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CLC Bio, Partners Receive $2M To Develop IT Infrastructure for Next-Gen Sequencing-Based Molecular Diagnostics

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By Uduak Grace Thomas

This article has been updated from a version posted June 15 to include additional information from CLC Bio.

CLC Bio announced this week that it has teamed up with Ion Torrent and Aarhus University Hospital, Denmark, to develop an integrated software and hardware solution for use in sequencing-based molecular diagnostics.

The project received a $2 million grant from the Danish National Advanced Technology Foundation.

The companies plan to develop a user-friendly IT infrastructure to analyze data produced by high-throughput sequencers to faster and more accurately analyze and diagnose patients based on their DNA samples.

The project, which is expected to take three years to complete, aims to develop an IT solution that can be used for molecular diagnostics research as well as for clinical diagnostics in hospitals and outpatient clinics.

For its part, CLC Bio will be modifying its research-based Genomics Workbench and Genomics Server to ensure that the tools meet the requirements of the molecular diagnostic workflow.

One feature of the new software will be a secure data-management module, CLC CEO Thomas Knudsen told BioInform. With this feature, the software will be able to track user activity so that multiple users can re-analyze the same data from scratch. This feature will also ensure that the system conforms to the US Food and Drug Administration's requirements for diagnostics software Knudsen said.

Other modules will be able to provide more specialized information about gene activities associated with disease. For example, the software would be able to identify specific biomarkers for different types of colon cancer that indicate increased risk for the disease.

Although the company is partnering with Ion Torrent for this project, like its research-based counterpart, the software will work with sequence data produced on multiple platforms. This is in keeping with CLC Bio’s overarching strategy to be platform-independent so that it can handle datasets from rapidly evolving sequencing platforms as well as accommodate new players in the industry, Knudsen said.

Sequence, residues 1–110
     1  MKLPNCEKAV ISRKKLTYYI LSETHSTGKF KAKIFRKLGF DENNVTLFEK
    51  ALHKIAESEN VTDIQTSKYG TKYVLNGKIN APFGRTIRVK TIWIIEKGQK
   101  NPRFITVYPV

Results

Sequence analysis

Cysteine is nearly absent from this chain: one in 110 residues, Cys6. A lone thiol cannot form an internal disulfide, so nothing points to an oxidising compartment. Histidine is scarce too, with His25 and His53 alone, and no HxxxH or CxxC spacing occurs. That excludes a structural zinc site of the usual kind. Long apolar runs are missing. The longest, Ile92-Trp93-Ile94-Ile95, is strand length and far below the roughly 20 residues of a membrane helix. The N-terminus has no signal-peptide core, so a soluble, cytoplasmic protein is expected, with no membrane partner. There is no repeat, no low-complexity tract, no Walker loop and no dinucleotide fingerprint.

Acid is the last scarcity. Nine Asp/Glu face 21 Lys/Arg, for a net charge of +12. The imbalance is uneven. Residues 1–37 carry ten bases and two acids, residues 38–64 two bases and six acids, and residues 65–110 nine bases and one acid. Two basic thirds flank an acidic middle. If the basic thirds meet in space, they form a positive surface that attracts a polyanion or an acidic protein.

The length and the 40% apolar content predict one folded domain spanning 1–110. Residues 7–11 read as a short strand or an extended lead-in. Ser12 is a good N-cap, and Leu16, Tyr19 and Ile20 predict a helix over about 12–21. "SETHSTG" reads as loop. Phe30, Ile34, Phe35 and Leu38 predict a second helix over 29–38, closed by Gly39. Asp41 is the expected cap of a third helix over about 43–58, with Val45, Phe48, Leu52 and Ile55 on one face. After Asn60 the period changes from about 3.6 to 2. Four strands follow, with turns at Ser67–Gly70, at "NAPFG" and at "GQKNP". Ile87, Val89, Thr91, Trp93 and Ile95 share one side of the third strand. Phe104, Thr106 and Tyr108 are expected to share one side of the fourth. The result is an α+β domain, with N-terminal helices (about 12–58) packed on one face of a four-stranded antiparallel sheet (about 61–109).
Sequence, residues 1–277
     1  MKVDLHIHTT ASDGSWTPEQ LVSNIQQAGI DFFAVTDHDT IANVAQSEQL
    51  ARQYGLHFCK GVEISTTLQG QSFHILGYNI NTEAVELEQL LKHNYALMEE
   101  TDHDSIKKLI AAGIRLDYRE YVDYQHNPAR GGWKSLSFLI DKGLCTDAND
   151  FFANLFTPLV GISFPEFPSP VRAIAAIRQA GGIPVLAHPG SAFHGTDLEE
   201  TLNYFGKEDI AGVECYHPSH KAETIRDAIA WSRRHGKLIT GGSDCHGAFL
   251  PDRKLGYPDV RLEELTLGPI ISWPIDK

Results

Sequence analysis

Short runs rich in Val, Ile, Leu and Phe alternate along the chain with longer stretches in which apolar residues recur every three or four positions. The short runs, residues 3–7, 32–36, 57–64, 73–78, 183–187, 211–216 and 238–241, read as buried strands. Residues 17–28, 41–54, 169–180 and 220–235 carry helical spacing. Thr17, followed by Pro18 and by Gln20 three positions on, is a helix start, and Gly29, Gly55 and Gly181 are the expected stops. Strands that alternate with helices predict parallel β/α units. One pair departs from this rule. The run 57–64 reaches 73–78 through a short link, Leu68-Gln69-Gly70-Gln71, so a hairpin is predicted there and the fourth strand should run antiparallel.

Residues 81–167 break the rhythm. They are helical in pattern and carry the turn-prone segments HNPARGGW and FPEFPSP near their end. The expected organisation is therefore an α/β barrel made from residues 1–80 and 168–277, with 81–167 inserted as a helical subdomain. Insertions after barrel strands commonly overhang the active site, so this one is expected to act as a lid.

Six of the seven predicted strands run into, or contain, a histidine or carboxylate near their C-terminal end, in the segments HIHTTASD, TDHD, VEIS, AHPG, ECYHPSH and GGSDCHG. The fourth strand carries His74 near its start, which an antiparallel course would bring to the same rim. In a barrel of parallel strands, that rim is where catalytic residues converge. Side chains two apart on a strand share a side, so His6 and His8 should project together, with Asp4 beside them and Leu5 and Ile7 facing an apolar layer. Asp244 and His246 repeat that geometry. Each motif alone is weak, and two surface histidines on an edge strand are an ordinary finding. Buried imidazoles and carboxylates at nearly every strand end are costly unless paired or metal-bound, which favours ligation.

Currently the company’s general-purpose research software can handle data produced by sequencers from Illumina, Life Technologies, and Roche. In February, Pacific Biosciences included CLC Bio in a list of partners to provide supporting software for its sequencing platform, which is scheduled to hit the market in the second half of this year (BioInform 2/19/2010).

Furthermore, this isn’t the first project CLC Bio and Ion Torrent have partnered on. Earlier this year, the companies announced that they would work together to ensure that CLC Bio’s IT infrastructure is compatible with Ion Torrent's sequencing platform, which is scheduled to launch later this year (BioInform 4/30/2010).

The Players

In addition to working with Ion Torrent, Knudsen said that the company will work closely with doctors at the Aarhus University Hospital to gain a better understanding of the diagnostics process.

“Their role in this project is to explain their workflows so that we can make software that supports their full workflow in the diagnostics process,” he said. “It will, of course, [involve] mutations, genomic rearrangements, and genetic repeats. In terms of analysis we will be looking at different genetic traits on the patient DNA compared to similar patients versus people without those diseases.”

Based on that knowledge, CLC will create “specialized extensions” for the Genomics Workbench and Genomics Server. These extensions will automatically analyze patient data and provide detailed analysis about genetic links to disease, he said.

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Lasse Görlitz, CLC Bio’s head of global PR and marketing, told BioInform that over the three-year period, the company will develop a series of smaller modules that the hospital will test using anonymized data.

“We will make them available in beta version so that we will get feedback. Eventually within this three-year period we will end up with a full suite of tools that will accommodate molecular diagnostics,” he said.

He added that the company aims to make the software user friendly so that buyers don’t need to have a detailed knowledge of informatics in order to operate it. The company expects to have smaller modules ready for testing within a year.

When it is completed, the software will have workflow pipelines set up to register and analyze sequence data as it is produced, compare the results with existing patient data stored in the system, and generate a detailed report. It is hoped that based on analysis of the datasets, clinics can make treatment decisions best suited for their patients.

Ion Torrent could not be reached before press time to comment on its role in the partnership.

Neither Knudsen nor Görlitz would comment directly on Ion Torrent’s specific role in developing the software or why the company was chosen for the project, though Knudsen did note that Ion Torrent has claimed that its sequencer will reduce the amount of time for a run to an hour or two, as opposed to a week for other technologies.

“If a patient has some acute disease, [you want an] answer within a few hours [rather] than waiting a week,” he said.

CLC expects that once its software is ready for the market, it will be adopted by hospitals and clinics globally.

“I think eventually you are going to see some kind of sequencing apparatus and a small computer tied to it in every PI's office,” said Görlitz.

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